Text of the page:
Historian Kees Ribbens, a researcher with the NIOD Institute for War, Holocaust and Genocide Studies in Amsterdam, says removing references to nudity or sex in the context of the Holocaust is not driven by antisemitism, but rather by a disregard for the individuality of the victims. It also demonstrates a poor understanding of the Shoah (the Hebrew word for the Holocaust). “Six million people were systematically murdered, one by one, which contradicts the idealized image of certain individuals frozen in time. As we grow up, it’s only natural to question our identities and the changes in our bodies. Similarly, Anne Frank also had her own share of questions about herself and those around her. However, reducing them to stereotypes hinders a true understanding of the Holocaust victims as unique individuals,” said Ribbens.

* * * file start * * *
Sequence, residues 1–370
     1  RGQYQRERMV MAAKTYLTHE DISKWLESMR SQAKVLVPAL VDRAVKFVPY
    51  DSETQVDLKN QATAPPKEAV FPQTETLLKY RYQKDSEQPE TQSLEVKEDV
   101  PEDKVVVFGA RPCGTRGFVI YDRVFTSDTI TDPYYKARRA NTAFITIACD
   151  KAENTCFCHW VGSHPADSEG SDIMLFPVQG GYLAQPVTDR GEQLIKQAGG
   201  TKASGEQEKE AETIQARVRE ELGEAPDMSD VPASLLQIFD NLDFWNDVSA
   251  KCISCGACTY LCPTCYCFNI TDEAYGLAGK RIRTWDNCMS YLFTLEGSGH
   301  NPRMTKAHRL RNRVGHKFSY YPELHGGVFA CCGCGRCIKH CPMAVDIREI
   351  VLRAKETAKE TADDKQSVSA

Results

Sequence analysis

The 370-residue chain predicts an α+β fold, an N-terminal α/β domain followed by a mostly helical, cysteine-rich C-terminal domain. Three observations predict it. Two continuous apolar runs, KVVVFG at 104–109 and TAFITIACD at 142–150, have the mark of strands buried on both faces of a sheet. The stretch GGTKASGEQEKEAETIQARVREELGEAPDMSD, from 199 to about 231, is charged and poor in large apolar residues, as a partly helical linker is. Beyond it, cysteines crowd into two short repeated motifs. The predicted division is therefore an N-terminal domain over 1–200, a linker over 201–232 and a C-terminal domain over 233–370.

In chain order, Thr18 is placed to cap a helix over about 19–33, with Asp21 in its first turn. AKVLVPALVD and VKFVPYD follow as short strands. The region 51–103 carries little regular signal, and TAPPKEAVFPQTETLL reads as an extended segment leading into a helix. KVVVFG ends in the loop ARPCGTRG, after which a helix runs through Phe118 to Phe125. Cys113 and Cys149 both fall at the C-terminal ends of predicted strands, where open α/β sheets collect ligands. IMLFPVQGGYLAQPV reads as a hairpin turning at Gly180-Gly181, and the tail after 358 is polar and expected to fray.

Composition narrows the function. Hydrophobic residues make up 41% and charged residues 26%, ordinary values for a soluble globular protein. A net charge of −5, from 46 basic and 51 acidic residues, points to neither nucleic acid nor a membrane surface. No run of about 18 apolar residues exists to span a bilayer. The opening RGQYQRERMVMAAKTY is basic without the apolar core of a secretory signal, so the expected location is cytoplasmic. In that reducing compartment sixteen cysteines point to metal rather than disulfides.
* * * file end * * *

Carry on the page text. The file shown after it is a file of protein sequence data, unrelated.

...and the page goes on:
Censoring Anne Frank’s book is noteworthy because the Holocaust is a required topic in U.S. schools. Consequently, only the illustrated version of her diary has been removed from classrooms. “Parents can appeal to a committee to voice their concerns regarding specific books in school libraries. But because of the internet, books are gradually becoming less of a source of knowledge for children,” said Bart Wallet, professor of Jewish Studies at the University of Amsterdam. Wallet says this is another manifestation of culture wars, and that there are “all kinds of attempts to purge libraries of anything that’s racist, colonialist, imperialist... Then there are far-right groups that want to ban sexually explicit books and those that discuss gender issues.”